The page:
With the announcement over Easter that all users of Google Analytics can now try the new version without signing up for the beta programme, it’s time to ask: “Should we be switching to the new version of Google Analytics?”.
If you haven’t seen the changes, to evaluate the new version just log-on and select “New Version” from the top of the screen.
You may have read that the new change is mainly around interface changes and usability. While this is true, there are plenty of other changes which can help you improve analysis, so in my post this month, I thought I’d alert you to some of the main changes to help you decide whether it’s worthwhile you and your clients switching.
1. Visual changes.
Always the most obvious, there is a cleaner style coupled with some performance improvements which could make changing useful.
3. Application workflow
Google’s design team has considered the user journeys and have made some features more prominent to encourage usage:
A. Google Analytics Intelligence – this is a great feature to save time – it will alert you to changes in traffic including from Search marketing and individual keywords – well worth setting up.
B. Custom reports – Now more prominent in the design and a big change to the way they are created. In fact, you’ll need to migrate your old reports if you switch to the new system.
The change is worth it though since you can now filter reports, for example to show natural search traffic only which was only previously possible by manually applying an advanced segment.
C. Advanced Segments – I’m a huge fan of these and rightly these have been made more prominent – if you’re not using these, your really missing out on the opportunity to understand site visitor behaviour and change results. In the new version you can select a single segment which makes isolation of one channel like SEO or a group of keyphrases possible.
3. Menu changes for accessing reports
Once you select the profile you’re interested in you’ll see the reports have changed.
This is a positive change, but it does mean time to learn and some training may be needed.
If you want to review the differences, you may find the Report Finder useful.
4. Data and report changes
There is one major change here to be aware of. These are a new class of goal called Event Goals. These are tracked through an existing feature called Event tracking. With Event Goals you can now place a value against an action such as downloading a PDF, adding to basket or playing a video – this could be a real help with with business reporting. This is particularly the case for non-transactional sites where value may be created for the business through SEO or AdWords, but no Ecommerce sales can be recorded.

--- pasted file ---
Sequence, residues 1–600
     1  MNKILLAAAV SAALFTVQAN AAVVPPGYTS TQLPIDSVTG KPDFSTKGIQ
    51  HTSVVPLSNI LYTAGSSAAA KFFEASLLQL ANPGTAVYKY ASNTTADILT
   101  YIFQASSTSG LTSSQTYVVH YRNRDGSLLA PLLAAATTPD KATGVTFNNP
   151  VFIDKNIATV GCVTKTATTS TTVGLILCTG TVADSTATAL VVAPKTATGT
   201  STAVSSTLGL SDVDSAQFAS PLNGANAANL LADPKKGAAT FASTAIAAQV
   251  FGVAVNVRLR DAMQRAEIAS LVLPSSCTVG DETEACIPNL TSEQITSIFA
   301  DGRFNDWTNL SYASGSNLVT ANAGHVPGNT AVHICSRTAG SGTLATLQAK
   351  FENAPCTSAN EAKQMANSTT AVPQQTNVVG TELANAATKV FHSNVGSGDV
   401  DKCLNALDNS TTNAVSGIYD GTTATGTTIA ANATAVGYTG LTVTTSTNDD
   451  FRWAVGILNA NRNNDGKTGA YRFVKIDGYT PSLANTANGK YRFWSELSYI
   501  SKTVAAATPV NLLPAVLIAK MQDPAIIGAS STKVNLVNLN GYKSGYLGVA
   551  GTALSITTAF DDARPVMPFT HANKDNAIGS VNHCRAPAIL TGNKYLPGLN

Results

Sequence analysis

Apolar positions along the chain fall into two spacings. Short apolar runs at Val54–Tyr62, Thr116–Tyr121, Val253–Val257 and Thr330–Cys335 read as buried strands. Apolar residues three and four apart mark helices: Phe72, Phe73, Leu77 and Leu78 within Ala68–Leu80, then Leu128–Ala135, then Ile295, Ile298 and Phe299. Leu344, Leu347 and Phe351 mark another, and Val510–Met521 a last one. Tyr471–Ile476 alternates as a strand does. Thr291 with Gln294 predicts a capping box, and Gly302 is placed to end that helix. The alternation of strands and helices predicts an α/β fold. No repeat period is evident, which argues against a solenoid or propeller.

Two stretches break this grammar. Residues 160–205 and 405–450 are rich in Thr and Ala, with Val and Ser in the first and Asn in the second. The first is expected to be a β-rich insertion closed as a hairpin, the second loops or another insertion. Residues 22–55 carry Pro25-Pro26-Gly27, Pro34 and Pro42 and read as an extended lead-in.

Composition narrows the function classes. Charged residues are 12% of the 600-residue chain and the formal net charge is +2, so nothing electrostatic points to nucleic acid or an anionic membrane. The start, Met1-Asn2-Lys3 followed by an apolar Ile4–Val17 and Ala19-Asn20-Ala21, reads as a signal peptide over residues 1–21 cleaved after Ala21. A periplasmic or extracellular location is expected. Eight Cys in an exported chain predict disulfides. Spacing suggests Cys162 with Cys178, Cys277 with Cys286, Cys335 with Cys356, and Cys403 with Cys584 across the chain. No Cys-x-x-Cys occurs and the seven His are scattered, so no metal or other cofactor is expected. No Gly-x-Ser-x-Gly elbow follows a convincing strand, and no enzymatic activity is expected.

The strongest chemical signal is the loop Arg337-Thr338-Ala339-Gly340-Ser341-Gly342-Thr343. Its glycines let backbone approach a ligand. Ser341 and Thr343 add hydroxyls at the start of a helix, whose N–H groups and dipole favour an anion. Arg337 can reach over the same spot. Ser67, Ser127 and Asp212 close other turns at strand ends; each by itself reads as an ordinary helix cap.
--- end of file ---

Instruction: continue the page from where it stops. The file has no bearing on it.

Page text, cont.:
5. Search marketing analysis features
As well as the changes to segments and custom reports which will help search marketers, there are some other features that will help search marketers including:
A. Trending search terms. For example, if your site sells ‘Sony Laptops’ & ‘Toshiba Laptops’, you can view a trend graph plotting the search traffic you’ve received for each of those terms. Previously to do that you’d have to set up a custom segment for each, or drill into each one individually & compare the graphs.
B. ‘Term Cloud’ visualisation, showing word clouds of search phrases. I don’t find these so useful since they don’t compare more than one variable. For this I recommend the free Juice Analytics visualation tools – they’re instant to use – just enter your Google Analytics login.
So that’s how I see the new version, I hope you enjoy the speed and functions of the new system.
For the most in-depth review of the new capabilities, see this detailed analysis on 10 key features in the Google Analytics Beta from Dan Barker.